(Guest post by Greg Forster)
OCPA has published my in-depth policy brief on why efforts to “reform” education schools don’t go deep enough – we need to reinvent them. It will take a generation and the initial policy changes required are politically difficult, but lesser reforms aren’t enough:
These problems do not arise merely from post-1960s radicalism or special-interest politics. Real as those issues are, the deeper roots of the trouble with education schools go back a century. Modern education schools were created as part of a radical movement that rejected the traditional understanding of education as an extension of the home, helping parents in their job of nurturing children and preparing citizens. Education schools were created with a new, technocratic view of the teacher as child development expert, and an ambition to use schools as a political tool to transform the social order in a new image. We shouldn’t abandon education schools, and we probably couldn’t abandon them if we tried. However, neither leaving the schools to reform themselves nor trying to reform them directly by political force is likely to work. Instead, a few simple (though politically difficult) policy changes could create an incentive structure that would make reinvention plausible, attractive, and sustainable for the schools over the long term.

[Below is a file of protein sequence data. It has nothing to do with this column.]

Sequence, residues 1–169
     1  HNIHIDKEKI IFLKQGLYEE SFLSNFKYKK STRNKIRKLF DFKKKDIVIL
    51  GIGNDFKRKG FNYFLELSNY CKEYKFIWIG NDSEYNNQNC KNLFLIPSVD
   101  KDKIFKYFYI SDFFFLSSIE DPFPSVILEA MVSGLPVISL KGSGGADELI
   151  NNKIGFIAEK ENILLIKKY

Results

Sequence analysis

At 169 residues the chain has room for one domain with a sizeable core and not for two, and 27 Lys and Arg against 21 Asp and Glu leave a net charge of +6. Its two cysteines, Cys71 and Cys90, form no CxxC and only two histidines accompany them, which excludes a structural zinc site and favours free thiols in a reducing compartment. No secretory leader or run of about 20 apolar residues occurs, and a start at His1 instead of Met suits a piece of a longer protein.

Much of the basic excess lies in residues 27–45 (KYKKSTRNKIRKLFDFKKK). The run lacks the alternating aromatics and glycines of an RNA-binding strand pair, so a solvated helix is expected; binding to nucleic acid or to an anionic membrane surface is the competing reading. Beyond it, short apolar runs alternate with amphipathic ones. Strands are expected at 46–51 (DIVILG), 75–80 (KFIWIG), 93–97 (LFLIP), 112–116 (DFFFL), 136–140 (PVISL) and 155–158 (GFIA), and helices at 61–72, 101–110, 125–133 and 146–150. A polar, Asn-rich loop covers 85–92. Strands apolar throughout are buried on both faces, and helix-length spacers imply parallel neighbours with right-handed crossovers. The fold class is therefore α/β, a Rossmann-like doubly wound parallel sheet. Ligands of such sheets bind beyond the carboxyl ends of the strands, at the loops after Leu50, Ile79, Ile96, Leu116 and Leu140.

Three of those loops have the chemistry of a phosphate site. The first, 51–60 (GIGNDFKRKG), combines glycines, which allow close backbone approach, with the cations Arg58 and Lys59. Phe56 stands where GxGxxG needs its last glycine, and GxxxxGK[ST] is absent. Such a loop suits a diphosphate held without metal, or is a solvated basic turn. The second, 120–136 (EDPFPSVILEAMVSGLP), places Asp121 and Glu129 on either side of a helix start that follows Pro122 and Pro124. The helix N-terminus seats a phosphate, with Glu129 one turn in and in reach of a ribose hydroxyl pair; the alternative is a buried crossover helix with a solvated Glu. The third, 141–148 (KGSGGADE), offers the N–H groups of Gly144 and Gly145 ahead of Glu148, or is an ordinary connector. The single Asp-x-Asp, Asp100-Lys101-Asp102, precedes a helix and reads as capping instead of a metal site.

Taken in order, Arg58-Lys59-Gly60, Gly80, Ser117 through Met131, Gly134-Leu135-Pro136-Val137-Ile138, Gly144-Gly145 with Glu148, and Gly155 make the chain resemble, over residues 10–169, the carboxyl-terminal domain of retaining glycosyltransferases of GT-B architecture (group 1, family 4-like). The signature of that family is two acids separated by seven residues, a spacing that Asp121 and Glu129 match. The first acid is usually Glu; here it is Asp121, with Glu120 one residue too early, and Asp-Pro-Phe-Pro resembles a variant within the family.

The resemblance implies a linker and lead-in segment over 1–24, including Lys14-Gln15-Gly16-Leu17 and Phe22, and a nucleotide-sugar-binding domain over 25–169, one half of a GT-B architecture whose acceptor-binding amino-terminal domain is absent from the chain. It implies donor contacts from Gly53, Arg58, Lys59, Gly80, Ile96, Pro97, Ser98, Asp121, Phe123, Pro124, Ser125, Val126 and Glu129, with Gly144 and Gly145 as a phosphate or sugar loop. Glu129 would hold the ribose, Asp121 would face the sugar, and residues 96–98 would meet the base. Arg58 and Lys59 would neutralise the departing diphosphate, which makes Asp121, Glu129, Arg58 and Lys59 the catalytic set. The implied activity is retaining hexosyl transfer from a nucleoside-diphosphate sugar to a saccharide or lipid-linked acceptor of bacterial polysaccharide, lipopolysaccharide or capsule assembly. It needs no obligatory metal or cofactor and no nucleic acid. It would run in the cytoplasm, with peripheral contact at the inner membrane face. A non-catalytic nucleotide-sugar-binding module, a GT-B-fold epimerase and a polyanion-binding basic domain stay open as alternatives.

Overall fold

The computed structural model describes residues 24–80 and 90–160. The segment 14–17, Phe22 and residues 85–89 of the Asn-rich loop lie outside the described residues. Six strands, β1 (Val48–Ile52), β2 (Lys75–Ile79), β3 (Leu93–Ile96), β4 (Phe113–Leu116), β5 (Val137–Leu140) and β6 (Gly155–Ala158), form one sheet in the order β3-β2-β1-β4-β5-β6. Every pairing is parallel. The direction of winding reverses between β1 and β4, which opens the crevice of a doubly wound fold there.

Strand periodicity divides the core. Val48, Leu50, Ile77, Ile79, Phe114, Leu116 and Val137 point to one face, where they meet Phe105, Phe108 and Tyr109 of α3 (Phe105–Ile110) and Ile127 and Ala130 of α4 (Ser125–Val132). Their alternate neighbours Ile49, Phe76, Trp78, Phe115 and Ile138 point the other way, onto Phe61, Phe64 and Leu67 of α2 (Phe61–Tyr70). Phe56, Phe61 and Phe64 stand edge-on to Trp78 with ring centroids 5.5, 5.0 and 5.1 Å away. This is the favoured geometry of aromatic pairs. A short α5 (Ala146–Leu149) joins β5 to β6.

Let me know what you think!